Posted: 3:17 p.m. Thursday, April 4, 2013
On Saturday, Florida football will kinda, sorta have an Orange and Blue Debut.
It won’t be conventional, thanks in large part to the Gators only having six healthy offensive linemen. But, despite the fact that it will have the appearance of the open practices Gator fans enjoyed a few weeks ago, I have a few things I’ll be paying attention to at each position when football returns to The Swamp in some sort of capacity this weekend.
Today, a rundown of the offense.
Will Muschamp has said that Jeff Driskel is improving nicely. So let’s see it.
In the individual periods, can he put throws consistently where they need to be without a pass rush? That wasn’t always the case during Florida’s open practices three weeks ago. In a 7-on-7 setting, throws shouldn’t be behind receivers, but some of Driskel's were.
When Florida does go 11-on-11, what are Driskel's instincts going to tell him to do? Driskel is athletically gifted — of that we have no doubt — but when his first option isn’t open, has he continued to develop the poise to scan through his progressions, or will he tuck and run?
Reading defenses well isn’t something that comes naturally; quarterbacks have to work at it continuously. There’s really only one way to do it, by studying film and applying it on the field, and that’s something his offensive coordinator Brent Pease is doing his best to stress at every opportunity, even on social media:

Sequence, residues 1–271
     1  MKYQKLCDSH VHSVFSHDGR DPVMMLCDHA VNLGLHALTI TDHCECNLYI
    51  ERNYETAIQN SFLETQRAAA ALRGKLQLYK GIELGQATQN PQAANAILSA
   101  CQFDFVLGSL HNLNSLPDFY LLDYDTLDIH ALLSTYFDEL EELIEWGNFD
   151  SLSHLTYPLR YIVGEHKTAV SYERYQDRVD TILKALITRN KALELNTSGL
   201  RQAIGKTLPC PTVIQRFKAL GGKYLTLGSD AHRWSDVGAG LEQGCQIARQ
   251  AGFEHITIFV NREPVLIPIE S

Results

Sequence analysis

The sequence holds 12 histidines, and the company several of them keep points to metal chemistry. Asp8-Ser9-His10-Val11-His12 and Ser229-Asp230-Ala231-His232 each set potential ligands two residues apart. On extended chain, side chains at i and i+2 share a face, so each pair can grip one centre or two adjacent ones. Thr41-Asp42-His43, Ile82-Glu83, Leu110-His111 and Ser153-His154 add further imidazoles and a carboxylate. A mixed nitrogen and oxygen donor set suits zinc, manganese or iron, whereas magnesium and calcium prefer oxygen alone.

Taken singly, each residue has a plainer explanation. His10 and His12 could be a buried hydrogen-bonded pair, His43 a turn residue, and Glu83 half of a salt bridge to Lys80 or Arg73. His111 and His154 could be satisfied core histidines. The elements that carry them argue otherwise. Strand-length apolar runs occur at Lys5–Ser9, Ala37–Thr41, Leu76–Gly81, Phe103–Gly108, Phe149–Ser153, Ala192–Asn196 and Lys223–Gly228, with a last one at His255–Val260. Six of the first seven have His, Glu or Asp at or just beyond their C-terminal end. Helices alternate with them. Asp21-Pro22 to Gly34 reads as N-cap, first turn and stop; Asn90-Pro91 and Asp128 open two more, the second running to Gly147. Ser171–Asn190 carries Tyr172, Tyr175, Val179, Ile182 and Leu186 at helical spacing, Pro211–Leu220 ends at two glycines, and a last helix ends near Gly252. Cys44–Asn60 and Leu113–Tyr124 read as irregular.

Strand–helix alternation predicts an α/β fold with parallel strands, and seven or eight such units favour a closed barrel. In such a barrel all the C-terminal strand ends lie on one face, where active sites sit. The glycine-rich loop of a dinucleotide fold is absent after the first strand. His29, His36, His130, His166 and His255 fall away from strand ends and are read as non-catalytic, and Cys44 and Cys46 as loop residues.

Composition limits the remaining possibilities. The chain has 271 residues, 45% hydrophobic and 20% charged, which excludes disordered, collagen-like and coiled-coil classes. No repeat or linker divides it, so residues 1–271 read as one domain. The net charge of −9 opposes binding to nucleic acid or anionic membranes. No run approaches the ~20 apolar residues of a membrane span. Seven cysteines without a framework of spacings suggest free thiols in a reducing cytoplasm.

@jeffdriskel go study film— Brent Pease (@CoachPease) March 30, 2013
While Driskel won’t be splitting first team reps, those behind him will need to prove their worth as at least capable backups. Tyler Murphy stuck things out at Florida when it seemed like a pretty conceivable notion that he would transfer. I’ll be interested in seeing how he does Saturday. Skyler Mornhinweg is listed third on the depth chart, and could be a pivotal scout team guy, so I'm not expecting greatness, but one or two flashes of brilliance would be nice.
Florida's stable of backs may be the best position unit on the team, and the talent starts at the top of the depth chart.
Matt Jones is the bruising, punishing running back Will Muschamp salivates over to fit the blue-collar offensive image that wins national championships these days. (Google search Alabama’s running backs over the past six years for further reference.) On third down in the fourth quarter, Jones will be called upon to put leads on ice, and all signs so far show he can deliver.
Jones' physicality is a given, but it will be interesting to see how he performs catching the ball out of the backfield, something he was good at in high school. Brent Pease has stressed that this season will feature an increased importance on backs catching the ball out of the backfield, so it would be nice to see what he can do on Saturday.